Tony Dyson, the ‘father’ of R2-D2, dies at 68

Christina Vixx

Christina Vixx

I was born and raised in Toronto Canada. I love writing, poetry and music. I'm a contributor for SocialMediaMorning. Make sure you follow me on Twitter and Facebook!
Prof. Tony Dyson  Photo 24.hu Kultura
Prof. Tony Dyson
Photo 24.hu Kultura

Tony Dyson, longtime special effects supervisor and the “father” of lovable Star Wars droid R2-D2, has died at the age of 68. In addition to his work on Star Wars, Dyson also worked on Superman II, built a miniature space battle for Bond movie Moonraker, and put together a huge robotic dragon for the film Dragon Slayer, but said that helping to make R2-D2 the cultural icon it is today was “one of the most exciting periods” of his life.

While the tweetling robot was first dreamt up by George Lucas and drawn by concept artist Ralph McQuarrie, it was Dyson that gave it physical form. The robotics expert was contracted during Star Wars‘ production to produce eight cylindrical models to use in the film, some of which were hollowed out with a space for R2-D2 actor Kenny Baker, and some equipped with remote control capabilities. Another two R2s were ordered to act as stunt droids, ready to be launched from the maw of Dagobah’s swamp beast during Luke’s Jedi training with Yoda.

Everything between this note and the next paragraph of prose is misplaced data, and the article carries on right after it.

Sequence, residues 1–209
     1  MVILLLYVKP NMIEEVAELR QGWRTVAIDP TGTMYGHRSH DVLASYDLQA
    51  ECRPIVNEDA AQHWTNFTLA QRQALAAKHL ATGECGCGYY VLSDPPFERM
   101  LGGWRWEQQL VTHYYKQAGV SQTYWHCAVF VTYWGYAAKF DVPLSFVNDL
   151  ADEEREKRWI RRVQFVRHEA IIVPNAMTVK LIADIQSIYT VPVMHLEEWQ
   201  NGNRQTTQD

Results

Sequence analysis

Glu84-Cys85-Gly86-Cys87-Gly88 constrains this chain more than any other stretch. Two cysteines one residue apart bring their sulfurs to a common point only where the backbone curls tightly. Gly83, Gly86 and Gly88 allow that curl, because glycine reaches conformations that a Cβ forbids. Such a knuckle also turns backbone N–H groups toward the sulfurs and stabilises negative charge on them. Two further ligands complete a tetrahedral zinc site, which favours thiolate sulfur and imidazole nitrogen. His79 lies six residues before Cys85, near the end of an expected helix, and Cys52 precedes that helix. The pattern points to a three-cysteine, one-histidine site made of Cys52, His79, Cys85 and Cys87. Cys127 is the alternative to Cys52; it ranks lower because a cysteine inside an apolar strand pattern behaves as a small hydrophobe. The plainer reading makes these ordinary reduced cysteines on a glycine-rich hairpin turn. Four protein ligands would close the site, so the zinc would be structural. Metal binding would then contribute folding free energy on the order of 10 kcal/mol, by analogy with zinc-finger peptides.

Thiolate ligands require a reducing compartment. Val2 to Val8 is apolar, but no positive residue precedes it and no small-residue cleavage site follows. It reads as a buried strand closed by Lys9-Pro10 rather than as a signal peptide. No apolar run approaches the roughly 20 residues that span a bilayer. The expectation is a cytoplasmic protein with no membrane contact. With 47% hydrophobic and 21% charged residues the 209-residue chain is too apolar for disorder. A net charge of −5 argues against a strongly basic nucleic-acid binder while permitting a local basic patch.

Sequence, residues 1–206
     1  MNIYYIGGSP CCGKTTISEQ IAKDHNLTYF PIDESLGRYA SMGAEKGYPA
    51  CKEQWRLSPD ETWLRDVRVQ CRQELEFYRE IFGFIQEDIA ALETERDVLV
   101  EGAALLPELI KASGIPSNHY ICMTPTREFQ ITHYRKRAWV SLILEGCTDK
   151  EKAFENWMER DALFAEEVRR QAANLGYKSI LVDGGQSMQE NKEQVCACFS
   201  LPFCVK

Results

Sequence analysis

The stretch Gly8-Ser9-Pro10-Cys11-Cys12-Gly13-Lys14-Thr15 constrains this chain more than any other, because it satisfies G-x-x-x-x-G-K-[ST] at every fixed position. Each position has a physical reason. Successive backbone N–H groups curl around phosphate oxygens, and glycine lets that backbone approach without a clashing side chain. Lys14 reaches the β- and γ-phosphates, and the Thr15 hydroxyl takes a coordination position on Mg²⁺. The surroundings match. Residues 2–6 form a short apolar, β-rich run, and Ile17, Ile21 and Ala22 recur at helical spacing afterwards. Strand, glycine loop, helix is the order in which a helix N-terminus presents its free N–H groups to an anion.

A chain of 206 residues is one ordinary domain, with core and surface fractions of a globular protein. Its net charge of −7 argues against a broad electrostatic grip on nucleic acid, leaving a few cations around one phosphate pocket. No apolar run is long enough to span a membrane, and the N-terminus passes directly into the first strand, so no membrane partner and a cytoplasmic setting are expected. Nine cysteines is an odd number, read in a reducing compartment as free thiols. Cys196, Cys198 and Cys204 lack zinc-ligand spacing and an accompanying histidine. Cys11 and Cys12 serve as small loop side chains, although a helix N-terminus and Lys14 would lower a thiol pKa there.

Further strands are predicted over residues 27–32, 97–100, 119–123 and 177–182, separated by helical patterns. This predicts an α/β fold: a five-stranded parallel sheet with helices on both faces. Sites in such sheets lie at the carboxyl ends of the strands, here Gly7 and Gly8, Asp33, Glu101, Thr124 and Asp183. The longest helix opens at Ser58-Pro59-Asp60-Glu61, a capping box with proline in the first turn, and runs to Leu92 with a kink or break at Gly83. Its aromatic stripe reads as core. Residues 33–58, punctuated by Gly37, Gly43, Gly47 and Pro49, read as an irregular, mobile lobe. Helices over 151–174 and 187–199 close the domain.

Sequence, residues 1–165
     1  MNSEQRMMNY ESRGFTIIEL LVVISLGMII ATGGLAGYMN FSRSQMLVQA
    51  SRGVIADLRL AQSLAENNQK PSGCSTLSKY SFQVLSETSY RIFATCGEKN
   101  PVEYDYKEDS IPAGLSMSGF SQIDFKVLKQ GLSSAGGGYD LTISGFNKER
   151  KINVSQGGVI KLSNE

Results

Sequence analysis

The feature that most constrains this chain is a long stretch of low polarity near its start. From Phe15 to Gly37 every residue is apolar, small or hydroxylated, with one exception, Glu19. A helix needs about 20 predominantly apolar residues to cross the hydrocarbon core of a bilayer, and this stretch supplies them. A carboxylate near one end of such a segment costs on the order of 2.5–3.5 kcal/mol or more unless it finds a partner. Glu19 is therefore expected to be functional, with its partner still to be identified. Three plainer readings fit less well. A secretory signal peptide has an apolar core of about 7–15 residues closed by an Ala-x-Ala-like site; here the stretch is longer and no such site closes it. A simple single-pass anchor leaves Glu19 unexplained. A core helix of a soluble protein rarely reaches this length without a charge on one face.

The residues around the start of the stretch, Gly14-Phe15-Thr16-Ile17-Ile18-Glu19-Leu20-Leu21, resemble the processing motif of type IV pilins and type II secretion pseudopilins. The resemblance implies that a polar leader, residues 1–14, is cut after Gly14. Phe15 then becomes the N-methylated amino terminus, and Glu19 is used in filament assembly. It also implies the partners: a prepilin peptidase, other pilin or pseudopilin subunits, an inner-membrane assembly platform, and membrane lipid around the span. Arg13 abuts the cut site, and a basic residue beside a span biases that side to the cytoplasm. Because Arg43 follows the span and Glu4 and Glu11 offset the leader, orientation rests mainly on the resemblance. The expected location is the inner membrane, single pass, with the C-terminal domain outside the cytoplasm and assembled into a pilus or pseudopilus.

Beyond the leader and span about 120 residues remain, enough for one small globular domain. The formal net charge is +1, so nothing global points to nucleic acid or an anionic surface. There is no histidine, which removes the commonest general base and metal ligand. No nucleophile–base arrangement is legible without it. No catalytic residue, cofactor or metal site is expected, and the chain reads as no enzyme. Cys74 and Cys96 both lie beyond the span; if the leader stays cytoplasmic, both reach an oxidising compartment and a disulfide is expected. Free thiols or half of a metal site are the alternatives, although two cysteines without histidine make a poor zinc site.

From those humble beginnings, Dyson’s R2-D2 has been on of Star Wars‘ constants, appearing in all seven movies, hundreds of books, video games, and comics, and even making an appearance on the red carpet at this year’s Oscars. Dyson watched his droid’s success, and also lived to see the rise of R2’s protégé: the ball-shaped BB-8. Like R2, the robot star of The Force Awakens was built by British designers, and like Dyson’s droid, the spherical BB-8 has quickly rolled its way into fan’s hearts. Speaking ahead of The Force Awakens‘ premiere last year, Dyson said he was particularly excited for the resurgence of Star Wars with Disney’s purchase of the franchise. “When you build something that becomes world famous,” he said in Helsinki, “it gives that warm feeling, doesn’t it?”

Courtesy of The Verge/Rich McCormick

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Christina Vixx

I was born and raised in Toronto Canada. I love writing, poetry and music. I'm a contributor for SocialMediaMorning. Make sure you follow me on Twitter and Facebook!

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